Pending home sales show biggest gain since 2020
NAR's monthly report found that as mortgage rates declined in January, pending home sales moved upward.
- An 8.1% increase in pending home sales in January was the biggest monthly gain since June 2020.
- Year over year, pending home sales were off by more than 24%.
- NAR Chief Economist Lawrence Yun said he expects home sales to be down by more than 11% in 2023.
Pending home sales climbed by more than 8% in January, the biggest monthly gain since June 2020. Monthly pending home sales were up in all four U.S. regions, the National Association of Realtors reported.
January’s rise marked the second straight month of gains in pending home sales after a half-year of consecutive declines. Pending homes sales rose by a modest 2.5% increase in December.
Year over year, pending home sales were off by more than 24%.
“Buyers responded to better affordability from falling mortgage rates in December and January,” said NAR chief economist Lawrence Yun, predicting that 30-year fixed mortgages will drop to an average of 6.1% in 2023 and 5.4% in 2024.
“Home sales activity looks to be bottoming out in the first quarter of this year, before incremental improvements will occur,” Yun said, adding that he does not expect an annual gain in home sales in 2023.
Yun is forecasting that housing sales will drop by 11% for the year to a total of 4.47 million units. He predicts that the median home price will decrease by 1.6% to $380,100 for the year.
Taylor Marr, Redfin’s chief economist, noted that in January there were fewer new listings on the market “than at any point on record, with the exception of the pandemic.”
The lack of supply has impacted demand, because would-be buyers are having a harder time finding a home that matches their needs and budget, he said, adding that the low inventory also is keeping home prices high.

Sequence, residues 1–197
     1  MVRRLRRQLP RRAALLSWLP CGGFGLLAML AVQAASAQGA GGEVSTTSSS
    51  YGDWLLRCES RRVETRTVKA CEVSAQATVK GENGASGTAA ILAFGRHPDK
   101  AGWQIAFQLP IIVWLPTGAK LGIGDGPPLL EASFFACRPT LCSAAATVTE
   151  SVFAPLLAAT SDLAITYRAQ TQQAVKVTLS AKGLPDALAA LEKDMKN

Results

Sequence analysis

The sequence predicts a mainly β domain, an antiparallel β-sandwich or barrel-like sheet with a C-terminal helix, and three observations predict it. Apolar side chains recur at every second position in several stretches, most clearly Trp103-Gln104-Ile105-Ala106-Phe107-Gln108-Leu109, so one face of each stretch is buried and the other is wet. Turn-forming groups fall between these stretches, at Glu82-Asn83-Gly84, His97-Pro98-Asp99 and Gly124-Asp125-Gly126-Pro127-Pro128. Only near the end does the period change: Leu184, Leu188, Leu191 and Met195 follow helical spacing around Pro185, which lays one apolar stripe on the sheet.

Hannah Jones, economic data analyst with Realtor.com, noted there is typically higher buyer demand in the spring. But she predicts “this spring is expected to be less active than the last couple of years as affordability challenges persist.”
Rising interest rates are also hampering affordability, said Bright MLS Chief Economist Lisa Sturtevant, who noted that mortgage applications have been off in February as mortgage rates trend back up to “their highest levels since late November,” with weekly data showing “a pullback in activity.”
“In the current housing market, it is a battle between the rational, financial calculus of homebuying and the instinctive, psychological side,” Sturtevant said. “The head versus the heart. For some buyers, higher mortgage rates simply means buying a home is out of the question unless home prices fall.”
Home sales by region
The West posted the strongest monthly growth in pending home sales at 10.1%, which was still off 29% from a year ago.
Pending home sales in the South increased by 8.3% but were down more than 24% from January 2022.
Pending home sales in the Midwest grew by 7.9% but were off more than 21% from a year ago.
In the Northeast, monthly pending home sales rose 6%, which is a decline of 19.8% from January a year ago.
Yun said the West experienced “an extra bump” in pending home sales as rising home prices eased, while the South experienced stronger demand for homes due to job growth.